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Comment Re:This is the biggest fad since Palm (Score 1) 146

All the things you mention still puts it in the realm of toy. Executives and doctors alike want to "find a use for it" as you state yourself. The rub comes when it is the wrong tool for the job. You understand the infancy of the tablet, doctors and executives don't and when you tell them it won't work well, they look at you like you must be woefully inadequate at your job.

Comment This is the biggest fad since Palm (Score 5, Insightful) 146

I can't say that i am ready to jump on the tablet bandwagon, but if I did it wouldn't be an iPad. I know I risk being left behind by not being an adopter, but tablets just haven't proven themselves primarily because developers don't write important mission critical programs for touch screens, they write them for keyboards and mice.

We recently went live with an EMR (Electronic medical record) at our hospital. As slick as the EMR is, it is written for a keyboard and a mouse. Guess what the docs want, you guessed it; Can we get it work on an IPAD? Oh yes, while technically possible via Citrix it is about as about as practical as mounting a steering wheel on a horse. Can't you teach the horse to respect the steering wheel? Um, no.

We have tried tablets in the past for the EMR. The users get excited about them and once they have them, they collect dust. $2,000.00 state of the art spill proof made especially for hospital settings tablet PC's which never leave their docking bays. What a waste.

All tablets are currently toys, iPad included. If I want toy to play with and have an extra couple hundred bucks burning a whole in my pocket then maybe I will buy one, but why would I want a toy with limitations, like the iPad?

Tablets may some day be a respectable tool for some apps who's developers are willing to write to them, but that will be 10 years out. Then, they will be about as sexy as a Palm is today.
Handhelds

Intel's Atom To Ship In Over 35 Tablets Next Year 146

nateman1352 writes with a bit from TechSpot: "Intel has been trying to cut itself a slice of the mobile market for years, and it seems the company is finally making some headway. During a conference yesterday, Intel CEO Paul Otellini revealed that the company's Atom platform will ship in over 35 tablets starting early next year. The chipmaker has partnered with more than a dozen manufacturers who will launch slates running Windows [or] Android as well as Intel's own MeeGo operating system." The article lists Toshiba, Dell, Fujitsu, Lenovo, Asus, AT&T, Cisco, and Acer as developing Atom-based tablets.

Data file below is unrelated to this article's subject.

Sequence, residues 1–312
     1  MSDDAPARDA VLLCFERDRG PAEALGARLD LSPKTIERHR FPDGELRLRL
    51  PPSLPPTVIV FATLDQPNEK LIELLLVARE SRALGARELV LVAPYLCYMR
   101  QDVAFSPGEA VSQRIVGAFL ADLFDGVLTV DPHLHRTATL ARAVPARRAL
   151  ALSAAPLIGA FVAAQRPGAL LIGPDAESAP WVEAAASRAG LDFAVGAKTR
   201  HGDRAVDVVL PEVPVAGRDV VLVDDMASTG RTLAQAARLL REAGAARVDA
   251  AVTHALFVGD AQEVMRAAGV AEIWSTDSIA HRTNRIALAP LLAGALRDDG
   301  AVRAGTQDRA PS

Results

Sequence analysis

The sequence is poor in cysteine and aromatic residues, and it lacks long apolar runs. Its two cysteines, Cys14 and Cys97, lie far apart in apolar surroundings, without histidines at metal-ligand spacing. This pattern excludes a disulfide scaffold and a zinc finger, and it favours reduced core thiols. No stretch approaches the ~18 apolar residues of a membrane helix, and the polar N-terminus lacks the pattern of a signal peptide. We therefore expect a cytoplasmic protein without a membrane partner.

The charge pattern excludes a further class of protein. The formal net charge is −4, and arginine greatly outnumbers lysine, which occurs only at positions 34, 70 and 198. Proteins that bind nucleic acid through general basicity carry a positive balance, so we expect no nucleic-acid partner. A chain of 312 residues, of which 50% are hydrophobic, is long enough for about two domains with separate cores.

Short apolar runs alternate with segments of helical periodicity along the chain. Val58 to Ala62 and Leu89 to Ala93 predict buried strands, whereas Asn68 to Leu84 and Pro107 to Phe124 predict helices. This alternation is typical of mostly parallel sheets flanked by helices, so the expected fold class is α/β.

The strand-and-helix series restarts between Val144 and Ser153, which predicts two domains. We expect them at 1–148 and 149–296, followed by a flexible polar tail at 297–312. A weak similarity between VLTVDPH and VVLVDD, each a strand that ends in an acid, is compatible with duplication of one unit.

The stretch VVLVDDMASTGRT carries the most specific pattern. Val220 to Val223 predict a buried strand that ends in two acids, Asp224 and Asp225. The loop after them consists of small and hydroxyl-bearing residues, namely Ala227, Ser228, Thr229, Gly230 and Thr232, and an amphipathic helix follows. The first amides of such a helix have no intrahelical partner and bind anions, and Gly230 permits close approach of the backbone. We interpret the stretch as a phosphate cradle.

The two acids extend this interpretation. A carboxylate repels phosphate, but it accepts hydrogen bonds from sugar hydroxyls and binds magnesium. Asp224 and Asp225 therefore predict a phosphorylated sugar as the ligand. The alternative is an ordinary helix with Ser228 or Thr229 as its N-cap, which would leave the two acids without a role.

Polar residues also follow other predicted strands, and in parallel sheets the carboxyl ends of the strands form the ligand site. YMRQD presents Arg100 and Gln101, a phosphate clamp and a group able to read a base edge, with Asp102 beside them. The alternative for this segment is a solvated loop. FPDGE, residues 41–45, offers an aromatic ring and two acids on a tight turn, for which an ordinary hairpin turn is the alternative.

Comment HTPC's not limited only by HDMI. (Score 1) 171

"No longer does an HTPC need to be shoehorned into the confines of the entertainment center."

Yeah but then you have still have IR remotes an IR blasters still keeping the HTPC pretty sticky to the entertainment center. The new tech is slick yes, but expensive for now and there are other limiting factors. It is a nice step in the evolution though.

Comment Re:Technical solutions are already out there (Score 1) 180

Domain keys? SPF?

Um, what are those?

Again, what efforts have we made to educate our representatives? If we leave it up to them they can only act on what knowledge they have. So isn't this partially our fault too?

It is easy to criticize officials who make blind decisions from the comfort of our keyboards, but we might as well yell at the TV during Monday night football. The problem is that we are not in the game. You could argue that we cannot get in the game, but have we tried?

Comment A 10:1 consultant to employee ratio? (Score 4, Insightful) 294

...that is just insane. It is no wonder they have issues.

I currently work on and EMR for a health system and I can tell you that they are incredibly complex animals. The workflows in healthcare are complex. Successfully writing interfaces to and from these systems is near impossible (namely pharmacy systems). The best you can do is try to get a central homogenous vendor with good modules which use the same database. You need low turnover to establish and maintain EMR's and while consultants can be handy, that ratio should be flipped.

At any rate I am not dogging the McMaster's work, but there is a huge disparity between products out there. It is a little presumptous to say theirs would have been an alternative to save millions. It really has to do with the mission and the product features.

This seems to me to be just one botched project, or more likely doomed from the start.

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